Warning signs: Poverty in 2022

Posted on May 1, 2024 in Social Security Delivery System

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Maytree.com – Publications
April 26, 2024.   Alexi White, Sam DiBellonia, Mohy-Dean Tabbara

The latest poverty statistics for 2022 show rates are up for the second year in a row. Things are getting worse for low-income Canadians. We will continue to miss our poverty reduction targets unless steps are taken to strengthen Canada’s income security system.
[ See Graphs in the original posting: maytree.com/publications/warning-signs-poverty-in-2022/?mc_cid=4d87aff514&mc_eid=de33f0d3f7 ]

On April 26, 2024, Statistics Canada released data on poverty in Canada for the year 2022. It comes from the annual Canadian Income Survey (CIS), which looks at a rotating cross-sectional sample of Canadians and includes data on income and income sources, disability, food security, housing, and individual and household characteristics.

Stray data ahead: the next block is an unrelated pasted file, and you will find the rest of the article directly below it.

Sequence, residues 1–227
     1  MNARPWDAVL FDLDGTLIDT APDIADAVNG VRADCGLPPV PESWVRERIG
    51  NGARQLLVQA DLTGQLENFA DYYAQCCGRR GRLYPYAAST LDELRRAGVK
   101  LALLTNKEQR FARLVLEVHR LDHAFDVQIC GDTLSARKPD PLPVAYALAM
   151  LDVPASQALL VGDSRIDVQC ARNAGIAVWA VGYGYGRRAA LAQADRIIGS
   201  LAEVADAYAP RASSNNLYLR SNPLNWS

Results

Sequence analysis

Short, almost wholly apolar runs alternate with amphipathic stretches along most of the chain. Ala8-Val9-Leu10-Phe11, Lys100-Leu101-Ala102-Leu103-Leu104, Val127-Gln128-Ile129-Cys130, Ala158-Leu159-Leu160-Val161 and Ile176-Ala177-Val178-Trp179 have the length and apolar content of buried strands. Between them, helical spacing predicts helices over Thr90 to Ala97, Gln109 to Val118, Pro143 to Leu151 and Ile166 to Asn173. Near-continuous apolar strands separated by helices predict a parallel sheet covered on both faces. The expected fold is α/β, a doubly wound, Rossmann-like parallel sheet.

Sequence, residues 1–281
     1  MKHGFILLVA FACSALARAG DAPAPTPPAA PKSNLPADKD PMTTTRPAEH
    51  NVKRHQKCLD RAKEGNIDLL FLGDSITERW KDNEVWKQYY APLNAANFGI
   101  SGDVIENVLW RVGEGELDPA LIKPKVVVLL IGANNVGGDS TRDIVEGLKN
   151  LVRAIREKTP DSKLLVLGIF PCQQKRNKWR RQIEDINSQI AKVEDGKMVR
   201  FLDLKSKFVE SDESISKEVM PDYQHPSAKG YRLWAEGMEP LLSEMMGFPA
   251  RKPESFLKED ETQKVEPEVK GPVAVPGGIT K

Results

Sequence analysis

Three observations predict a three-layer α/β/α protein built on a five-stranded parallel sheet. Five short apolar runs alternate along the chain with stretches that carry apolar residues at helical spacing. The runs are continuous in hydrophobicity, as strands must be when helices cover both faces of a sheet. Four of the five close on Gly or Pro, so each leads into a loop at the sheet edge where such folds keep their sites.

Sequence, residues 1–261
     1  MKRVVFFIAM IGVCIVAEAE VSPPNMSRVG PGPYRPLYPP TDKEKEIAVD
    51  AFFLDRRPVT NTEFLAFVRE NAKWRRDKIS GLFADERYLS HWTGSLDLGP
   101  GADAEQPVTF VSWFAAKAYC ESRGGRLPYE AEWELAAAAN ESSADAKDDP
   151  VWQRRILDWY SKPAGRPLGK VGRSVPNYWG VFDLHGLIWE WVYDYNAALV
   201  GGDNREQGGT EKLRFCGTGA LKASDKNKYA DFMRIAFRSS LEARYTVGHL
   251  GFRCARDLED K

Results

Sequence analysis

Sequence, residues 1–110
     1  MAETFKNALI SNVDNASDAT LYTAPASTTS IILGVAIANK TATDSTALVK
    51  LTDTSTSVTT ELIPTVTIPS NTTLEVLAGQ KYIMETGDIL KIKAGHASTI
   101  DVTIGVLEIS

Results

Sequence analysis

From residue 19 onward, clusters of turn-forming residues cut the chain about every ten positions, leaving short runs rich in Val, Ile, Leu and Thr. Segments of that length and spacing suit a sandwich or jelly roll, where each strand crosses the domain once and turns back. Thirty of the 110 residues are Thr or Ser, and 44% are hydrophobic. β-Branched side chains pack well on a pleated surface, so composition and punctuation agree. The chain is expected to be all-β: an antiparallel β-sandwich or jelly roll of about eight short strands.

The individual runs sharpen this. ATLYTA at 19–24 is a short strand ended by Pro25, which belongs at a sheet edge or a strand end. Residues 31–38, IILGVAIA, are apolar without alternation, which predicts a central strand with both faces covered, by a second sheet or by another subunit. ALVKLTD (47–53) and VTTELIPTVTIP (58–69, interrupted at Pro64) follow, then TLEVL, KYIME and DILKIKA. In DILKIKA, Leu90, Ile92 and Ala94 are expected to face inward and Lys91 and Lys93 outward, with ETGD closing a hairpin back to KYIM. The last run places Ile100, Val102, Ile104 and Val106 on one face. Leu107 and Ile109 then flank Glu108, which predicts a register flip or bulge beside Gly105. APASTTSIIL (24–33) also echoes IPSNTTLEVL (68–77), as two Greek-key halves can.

Along with welfare incomes, poverty rates are a key metric of Canada’s efforts to fulfill the human right to an adequate standard of living. So how is Canada doing? Spoiler alert – things are getting worse, fast. Here’s a first take at what the latest data reveals.

Poverty in 2022 got worse across the board 

Canada’s official poverty rate, which relies on the Market Basket Measure (MBM), rose to 9.9 per cent in 2022, representing 3.8 million Canadians. This is up substantially from the rate of 7.4 per cent in 2021 and 6.4 per cent in 2020. The overall poverty rate has nearly matched the pre-pandemic level of 10.3 per cent in 2019 and is now above Canada’s 2020 poverty reduction target of 9.7 per cent.